html.gofile: press Esc then:
Start the editor:
- The version is defined in this line:
Update it to the following:
Save the main.go file one more time: Esc then:
Task 10. Kick off Deployment
Commit and push your changes:
This will kick off a build of your development environment.
After the change is pushed to the Git repository, navigate to the Jenkins user interface where you can see that your build started for the
new-feature branch. It can take up to a minute for the changes to be picked up.
- After the build is running, click the down arrow next to the build in the left navigation and select Console output:
- Track the output of the build for a few minutes and watch for the
kubectl --namespace=new-feature apply...messages to begin. Your new-feature branch will now be deployed to your cluster.
If you didn't see anything in
Build Executor, not to worry. Just go to the Jenkins homepage > sample app. Verify that the
new-feature pipeline has been created.
Once that's all taken care of, start the proxy in the background:
If it stalls, press Ctrl + C to exit out. Verify that your application is accessible by sending a request to
kubectlproxy forward it to your service:
You should see it respond with 2.0.0, which is the version that is now running.
If you receive a similar error:
- It means your frontend endpoint hasn't propagated yet—wait a little bit and try the
curlcommand again. Move on when you get the following output:
You have set up the development environment! Next, you will build on what you learned in the previous module by deploying a canary release to test out a new feature.
Task 11. Deploying a canary release
You have verified that your app is running the latest code in the development environment, so now deploy that code to the canary environment.
Create a canary branch and push it to the Git server:
In Jenkins, you should see the canary pipeline has kicked off. Once complete, you can check the service URL to ensure that some of the traffic is being served by your new version. You should see about 1 in 5 requests (in no particular order) returning version
- If you keep seeing 1.0.0, try running the above commands again. Once you've verified that the above works, end the command with Ctrl + C.
That's it! You have deployed a canary release. Next you will deploy the new version to production.
Task 12. Deploying to production
Now that our canary release was successful and we haven't heard any customer complaints, deploy to the rest of your production fleet.
Create a canary branch and push it to the Git server:
In Jenkins, you should see the master pipeline has kicked off.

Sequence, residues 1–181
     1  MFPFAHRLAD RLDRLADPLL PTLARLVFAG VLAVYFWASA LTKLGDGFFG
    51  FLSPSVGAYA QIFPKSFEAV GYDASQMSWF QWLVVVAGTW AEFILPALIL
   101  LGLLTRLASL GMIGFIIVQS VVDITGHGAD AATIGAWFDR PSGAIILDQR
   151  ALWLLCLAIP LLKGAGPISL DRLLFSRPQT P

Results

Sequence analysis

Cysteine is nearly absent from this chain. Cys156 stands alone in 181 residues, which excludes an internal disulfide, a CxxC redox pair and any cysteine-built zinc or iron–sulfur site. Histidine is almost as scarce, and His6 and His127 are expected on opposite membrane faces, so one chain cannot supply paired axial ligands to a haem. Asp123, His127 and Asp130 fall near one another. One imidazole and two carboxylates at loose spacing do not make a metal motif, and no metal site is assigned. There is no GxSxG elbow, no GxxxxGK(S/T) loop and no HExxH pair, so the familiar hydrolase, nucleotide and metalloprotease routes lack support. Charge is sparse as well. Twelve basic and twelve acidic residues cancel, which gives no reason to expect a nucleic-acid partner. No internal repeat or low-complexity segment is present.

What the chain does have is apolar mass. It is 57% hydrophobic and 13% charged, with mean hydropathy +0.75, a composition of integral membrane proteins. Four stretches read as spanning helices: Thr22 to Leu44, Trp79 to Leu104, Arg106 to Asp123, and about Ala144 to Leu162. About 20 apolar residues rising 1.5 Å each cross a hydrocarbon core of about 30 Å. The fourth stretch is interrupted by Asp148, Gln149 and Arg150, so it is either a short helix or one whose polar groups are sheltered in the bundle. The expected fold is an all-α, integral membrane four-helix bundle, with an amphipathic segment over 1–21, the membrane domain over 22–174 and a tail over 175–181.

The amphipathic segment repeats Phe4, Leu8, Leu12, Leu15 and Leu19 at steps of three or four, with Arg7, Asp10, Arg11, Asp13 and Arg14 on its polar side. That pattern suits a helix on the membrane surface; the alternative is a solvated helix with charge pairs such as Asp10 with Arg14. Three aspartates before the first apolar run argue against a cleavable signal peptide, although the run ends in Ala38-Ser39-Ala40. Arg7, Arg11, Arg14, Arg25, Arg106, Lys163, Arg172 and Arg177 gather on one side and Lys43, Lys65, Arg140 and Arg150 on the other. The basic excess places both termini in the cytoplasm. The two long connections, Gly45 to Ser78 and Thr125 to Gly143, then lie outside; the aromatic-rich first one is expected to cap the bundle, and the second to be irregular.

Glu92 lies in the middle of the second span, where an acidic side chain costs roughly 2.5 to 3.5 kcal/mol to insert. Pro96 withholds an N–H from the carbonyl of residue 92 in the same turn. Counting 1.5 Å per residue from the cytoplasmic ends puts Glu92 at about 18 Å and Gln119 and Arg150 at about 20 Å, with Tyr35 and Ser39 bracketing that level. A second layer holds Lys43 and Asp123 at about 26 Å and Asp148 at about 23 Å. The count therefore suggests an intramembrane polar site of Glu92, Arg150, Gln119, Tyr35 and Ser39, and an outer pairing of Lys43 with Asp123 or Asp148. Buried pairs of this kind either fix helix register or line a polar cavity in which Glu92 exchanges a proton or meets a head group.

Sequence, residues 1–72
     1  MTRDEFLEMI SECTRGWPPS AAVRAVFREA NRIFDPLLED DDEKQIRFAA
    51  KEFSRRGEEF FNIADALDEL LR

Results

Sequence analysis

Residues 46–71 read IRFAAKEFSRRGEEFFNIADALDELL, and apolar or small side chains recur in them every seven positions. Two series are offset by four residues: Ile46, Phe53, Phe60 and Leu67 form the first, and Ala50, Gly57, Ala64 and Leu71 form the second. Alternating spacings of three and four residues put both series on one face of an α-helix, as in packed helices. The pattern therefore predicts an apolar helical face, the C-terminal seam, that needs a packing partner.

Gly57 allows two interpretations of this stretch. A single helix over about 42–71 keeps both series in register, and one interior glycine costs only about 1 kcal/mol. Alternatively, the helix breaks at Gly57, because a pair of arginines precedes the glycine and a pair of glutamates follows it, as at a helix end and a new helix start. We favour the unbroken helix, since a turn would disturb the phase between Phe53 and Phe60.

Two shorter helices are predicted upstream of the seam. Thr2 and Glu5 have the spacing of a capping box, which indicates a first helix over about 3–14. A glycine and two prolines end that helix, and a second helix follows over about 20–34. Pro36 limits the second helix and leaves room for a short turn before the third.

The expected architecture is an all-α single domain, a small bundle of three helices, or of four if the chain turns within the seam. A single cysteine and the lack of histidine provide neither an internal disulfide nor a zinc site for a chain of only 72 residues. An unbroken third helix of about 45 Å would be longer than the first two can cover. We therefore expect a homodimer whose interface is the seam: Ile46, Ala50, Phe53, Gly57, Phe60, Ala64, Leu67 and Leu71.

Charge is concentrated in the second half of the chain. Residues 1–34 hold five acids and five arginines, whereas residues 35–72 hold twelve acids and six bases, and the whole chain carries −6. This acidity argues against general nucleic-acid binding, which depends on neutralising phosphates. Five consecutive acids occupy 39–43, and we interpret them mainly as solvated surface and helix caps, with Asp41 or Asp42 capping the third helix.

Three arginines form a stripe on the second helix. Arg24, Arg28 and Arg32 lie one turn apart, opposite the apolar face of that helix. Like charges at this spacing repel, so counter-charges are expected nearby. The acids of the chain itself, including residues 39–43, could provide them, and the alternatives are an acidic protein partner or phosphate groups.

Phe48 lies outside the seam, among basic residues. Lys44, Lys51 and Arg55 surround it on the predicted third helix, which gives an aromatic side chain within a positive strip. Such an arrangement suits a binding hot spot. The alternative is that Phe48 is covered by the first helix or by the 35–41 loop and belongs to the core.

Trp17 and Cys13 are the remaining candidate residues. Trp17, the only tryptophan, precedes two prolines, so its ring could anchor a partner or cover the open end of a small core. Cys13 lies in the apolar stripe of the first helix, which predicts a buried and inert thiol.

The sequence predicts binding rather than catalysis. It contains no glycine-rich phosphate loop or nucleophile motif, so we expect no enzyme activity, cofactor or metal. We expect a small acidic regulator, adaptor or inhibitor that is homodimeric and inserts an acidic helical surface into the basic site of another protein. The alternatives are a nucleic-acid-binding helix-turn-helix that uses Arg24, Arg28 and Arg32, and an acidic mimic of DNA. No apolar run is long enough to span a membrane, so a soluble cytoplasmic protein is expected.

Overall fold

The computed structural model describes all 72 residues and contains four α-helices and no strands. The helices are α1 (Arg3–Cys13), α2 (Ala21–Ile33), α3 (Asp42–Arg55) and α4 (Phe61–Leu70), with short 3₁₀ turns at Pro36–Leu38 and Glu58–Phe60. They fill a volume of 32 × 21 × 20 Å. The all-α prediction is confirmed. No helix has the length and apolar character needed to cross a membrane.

Once complete (which may take a few minutes), you can check the service URL to ensure that all of the traffic is being served by your new version, 2.0.0.
- Once again, if you see instances of
1.0.0try running the above commands again. You can stop this command by pressing Ctrl + C.
You can also navigate to site on which the gceme application displays the info cards. The card color changed from blue to orange.
Here's the command again to get the external IP address so you can check it out:
Task 13. Test your Understanding
Below are multiple-choice questions to reinforce your understanding of this lab's concepts. Answer them to the best of your abilities.
Awesome job, you have successfully deployed your application to production!
This concludes this hands-on lab deploying and working with Jenkins in Kubernetes Engine to enable a Continuous Delivery / Continuous Deployment pipeline. You've had the opportunity to deploy a significant DevOps tool in Kubernetes Engine and configure it for production use. You've worked with the kubectl command-line tool and deployment configurations in YAML files, and have learned a bit about setting up Jenkins pipelines for a development / deployment process. With this practical hands-on experience you should feel comfortable applying these tools in your own DevOps shop.
Finish your quest
This self-paced lab is part of the Kubernetes in the Google Cloud, Cloud Architecture, and DevOps Essentials quests. A quest is a series of related labs that form a learning path. Completing a quest earns you a badge to recognize your achievement. You can make your badge or badges public and link to them in your online resume or social media account. Enroll in any quest that contains this lab and get immediate completion credit. See the Google Cloud Skills Boost catalog to see all available quests.
Take your next lab
Continue your quest with Hello Node Kubernetes, or check out these Google Cloud Skills Boost labs:
Next steps / Learn more
- Read further on the Jenkins in Kubernetes Engine Solution.
- Learn how to use Jenkins to enable Continuous Delivery to Kubernetes Engine.
- Read further on DevOps Solutions and DevOps Guides in the Google Cloud documentation.
- Connect with the Jenkins Community!
Google Cloud training and certification
...helps you make the most of Google Cloud technologies. Our classes include technical skills and best practices to help you get up to speed quickly and continue your learning journey. We offer fundamental to advanced level training, with on-demand, live, and virtual options to suit your busy schedule. Certifications help you validate and prove your skill and expertise in Google Cloud technologies.
Manual Last Updated December 26, 2022
Lab Last Tested December 26, 2022
Copyright 2023 Google LLC All rights reserved. Google and the Google logo are trademarks of Google LLC. All other company and product names may be trademarks of the respective companies with which they are associated.